Recognizing Top Performers: The Workforce Institute Weigh-In

The Workforce Institute Weigh-In for January 2023: What’s the best way to recognize a high-performing employee?

“One thing to keep in mind is that the best approach to recognition will depend on the circumstances. Some people would love public recognition, others would be embarrassed and would prefer something quiet. In cases where a high-performing individual was part of a tight-knit team, then you need to ensure there is some recognition for the team, not just the individual. This speaks to the importance of getting to know your employees as people. The more you know about the people involved, the more likely you are to come up with an appropriate recognition award. Lastly, I’d like to summarize my thoughts on the topic with a haiku:
High performers thrive
With praise, rewards, and new challenges
Helping them to soar.
This is courtesy of ChatGPT. [Editor’s Note: Check out David’s recent article on using AI for HR, to learn more about the role AI platforms might play in the future.]” — David Creelman, CEO, Creelman Research

“High-performing employees are often difficult to manage because they give so much of themselves and often expect that same effort from those around them, especially leaders. Although they may say they don’t require recognition, they do — and often more than the average performer. High performers often demand a wide range of recognition not limited to the financial. The challenge is how to recognize them. This recognition can come in a variety of forms. The ‘currencies’ of recognition may take the form of additional training, greater decision rights, and overall trust and autonomy. Be careful that the recognition lifts them up while not ostracizing them from their peer group.” — John Frehse, senior managing director, Ankura, and co-host, “No Suits, No Slides!” video series

“Like my colleague David pointed out above, managers should know how their employees want to be recognized. And if they don’t, they should ask. There’s nothing worse than recognizing an employee in a way they don’t personally appreciate. For example, an employee might not enjoy recognition in front of large groups. So, the manager that decides to recognize an employee during the weekly staff meeting comes across as being insensitive and out of touch, instead of doing what they intended — recognizing great performance.” — Sharlyn Lauby, author, HR Bartender blog

“One of the most important responsibilities of a manager is to identify behavior and performance that exceeds expectations in a meaningful way, and, when that outcome occurs, deliver an ideal reward to the employee in a timely manner. The ‘best way’ to recognize and reward high-performing employees is to start with the understanding that an employee is a unique individual, and, as such, the manager must embrace the fact that different people have different needs, different values, and different motivational triggers. As a result of this individual uniqueness, it is essential for the manager to fully align their specific recognition and/or reward with what is valued by the employee. When rewarding employees, a one-size-fits-all approach is simply ineffective.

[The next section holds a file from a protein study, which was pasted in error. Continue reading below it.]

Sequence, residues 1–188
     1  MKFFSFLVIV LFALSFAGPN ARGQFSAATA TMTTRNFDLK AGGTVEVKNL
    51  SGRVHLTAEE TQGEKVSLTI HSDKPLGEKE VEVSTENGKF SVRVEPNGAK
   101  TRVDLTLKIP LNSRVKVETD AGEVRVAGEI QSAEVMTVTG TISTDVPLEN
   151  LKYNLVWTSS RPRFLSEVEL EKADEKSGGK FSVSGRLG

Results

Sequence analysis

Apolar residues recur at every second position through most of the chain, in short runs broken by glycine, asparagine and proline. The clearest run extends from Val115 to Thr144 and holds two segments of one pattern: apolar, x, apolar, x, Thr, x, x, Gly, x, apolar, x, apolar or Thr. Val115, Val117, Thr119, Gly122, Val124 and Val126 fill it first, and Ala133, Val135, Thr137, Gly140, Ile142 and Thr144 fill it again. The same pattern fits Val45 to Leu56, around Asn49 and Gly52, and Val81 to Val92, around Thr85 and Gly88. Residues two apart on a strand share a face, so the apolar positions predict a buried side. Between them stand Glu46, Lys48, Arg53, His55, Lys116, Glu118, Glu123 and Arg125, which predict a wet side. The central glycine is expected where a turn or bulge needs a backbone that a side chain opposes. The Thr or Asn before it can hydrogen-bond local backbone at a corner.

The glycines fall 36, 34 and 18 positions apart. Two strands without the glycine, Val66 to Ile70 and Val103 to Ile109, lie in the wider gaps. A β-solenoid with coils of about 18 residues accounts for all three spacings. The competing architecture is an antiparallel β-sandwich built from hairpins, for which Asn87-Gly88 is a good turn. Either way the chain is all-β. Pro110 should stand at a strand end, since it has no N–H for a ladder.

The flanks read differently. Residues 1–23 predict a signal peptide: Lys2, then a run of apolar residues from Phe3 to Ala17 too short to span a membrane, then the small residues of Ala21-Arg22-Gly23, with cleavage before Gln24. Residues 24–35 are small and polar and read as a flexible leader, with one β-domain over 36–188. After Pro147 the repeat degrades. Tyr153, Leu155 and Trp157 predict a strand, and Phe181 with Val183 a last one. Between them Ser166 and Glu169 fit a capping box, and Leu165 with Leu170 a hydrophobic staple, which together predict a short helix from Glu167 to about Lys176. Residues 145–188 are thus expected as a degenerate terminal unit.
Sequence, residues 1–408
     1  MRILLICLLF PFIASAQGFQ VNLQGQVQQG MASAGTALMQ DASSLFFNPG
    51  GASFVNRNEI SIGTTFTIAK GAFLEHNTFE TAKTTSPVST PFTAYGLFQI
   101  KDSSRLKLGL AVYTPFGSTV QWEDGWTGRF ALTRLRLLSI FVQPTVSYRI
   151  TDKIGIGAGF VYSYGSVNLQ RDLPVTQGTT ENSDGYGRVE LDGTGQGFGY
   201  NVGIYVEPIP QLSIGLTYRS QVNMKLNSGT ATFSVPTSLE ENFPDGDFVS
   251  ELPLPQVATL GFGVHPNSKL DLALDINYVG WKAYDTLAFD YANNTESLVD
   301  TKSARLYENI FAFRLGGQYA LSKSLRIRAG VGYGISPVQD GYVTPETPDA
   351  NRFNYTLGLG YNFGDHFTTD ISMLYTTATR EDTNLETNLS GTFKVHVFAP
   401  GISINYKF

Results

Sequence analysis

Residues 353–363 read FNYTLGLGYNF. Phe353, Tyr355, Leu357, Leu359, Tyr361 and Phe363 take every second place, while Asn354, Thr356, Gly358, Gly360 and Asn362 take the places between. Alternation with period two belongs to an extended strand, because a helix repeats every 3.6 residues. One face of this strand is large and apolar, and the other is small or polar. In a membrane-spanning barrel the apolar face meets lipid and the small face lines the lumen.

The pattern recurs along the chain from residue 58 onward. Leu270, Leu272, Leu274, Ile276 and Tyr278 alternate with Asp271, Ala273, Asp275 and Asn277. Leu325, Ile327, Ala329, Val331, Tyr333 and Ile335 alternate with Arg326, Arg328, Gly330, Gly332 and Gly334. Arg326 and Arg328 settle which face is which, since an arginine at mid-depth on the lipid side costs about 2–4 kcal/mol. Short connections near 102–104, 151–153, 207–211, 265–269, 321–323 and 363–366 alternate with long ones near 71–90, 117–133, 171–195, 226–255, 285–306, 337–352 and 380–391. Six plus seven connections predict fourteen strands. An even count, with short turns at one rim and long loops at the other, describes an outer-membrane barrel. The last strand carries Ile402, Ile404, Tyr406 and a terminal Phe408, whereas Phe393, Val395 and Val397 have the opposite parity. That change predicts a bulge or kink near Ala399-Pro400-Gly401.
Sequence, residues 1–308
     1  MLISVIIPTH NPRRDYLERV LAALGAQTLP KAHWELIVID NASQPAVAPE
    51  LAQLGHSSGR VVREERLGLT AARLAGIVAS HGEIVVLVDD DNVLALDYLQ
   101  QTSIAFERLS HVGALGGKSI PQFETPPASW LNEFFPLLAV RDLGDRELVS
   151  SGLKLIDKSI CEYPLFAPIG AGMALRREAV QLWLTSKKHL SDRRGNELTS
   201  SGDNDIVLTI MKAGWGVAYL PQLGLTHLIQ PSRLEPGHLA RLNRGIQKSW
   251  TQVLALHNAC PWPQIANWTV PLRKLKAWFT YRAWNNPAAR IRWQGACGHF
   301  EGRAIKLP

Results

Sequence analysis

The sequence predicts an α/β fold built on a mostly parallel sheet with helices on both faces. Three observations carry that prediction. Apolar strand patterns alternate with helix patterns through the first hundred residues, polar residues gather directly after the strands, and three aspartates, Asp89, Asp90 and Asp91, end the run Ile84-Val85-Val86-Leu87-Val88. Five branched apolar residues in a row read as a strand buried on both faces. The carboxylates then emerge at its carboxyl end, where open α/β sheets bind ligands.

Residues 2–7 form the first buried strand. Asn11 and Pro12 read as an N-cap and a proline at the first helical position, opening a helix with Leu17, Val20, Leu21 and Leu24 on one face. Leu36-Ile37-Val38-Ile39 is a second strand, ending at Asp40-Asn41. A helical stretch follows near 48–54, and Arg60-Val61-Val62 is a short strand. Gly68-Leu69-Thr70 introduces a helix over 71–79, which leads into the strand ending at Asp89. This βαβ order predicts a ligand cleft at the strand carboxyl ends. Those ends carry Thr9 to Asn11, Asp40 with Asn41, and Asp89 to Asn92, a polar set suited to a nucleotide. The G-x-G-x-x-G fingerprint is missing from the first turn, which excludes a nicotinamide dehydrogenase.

And, if you are wondering what the employee will value most within the context of recognition and rewards, simply asking the employee is the best place to begin the process. For example, some high-performing employees might truly appreciate money, paid time off (PTO), or a trip for two to someplace exotic. Some might be seeking out a promotion or other career advancement opportunities. Others might appreciate the opportunity to stand on stage at a companywide meeting to get their kudos for a job well done along with some face time with the CEO. Other employees might prefer to avoid public recognition altogether, have no desire to spend time with the CEO, and might prefer to just have lunch with the boss, or take some extra PTO for family time.

There are plenty of books written about ways to recognize and reward high-performing employees, but, unless the manager knows what the employee values most, the recognition or reward applied may not actually provide positive reinforcement necessary for repeat occurrences of high performance, and, in fact, may have the opposite effect of positive reinforcement. So, however you choose to recognize high-performing employees, make sure you know what the employee values as a reward before delivering such a reward.” — Dennis Miller, assistant vice president of HR and benefits administration, The Claremont Colleges

“The best way to recognize a high-performing employee is to create a fair and inclusive environment where pay-for-performance is fully realized. The second-best way is to foster a culture where manager feedback is focused on skills and contributions — not bias or unfounded opinions.” — Laurie Ruettimann, host, Punk Rock HR podcast

To learn additional strategies for building a people-centric culture of trust and belonging for all employees, download the new Culture Playbook from UKG and Great Place To Work.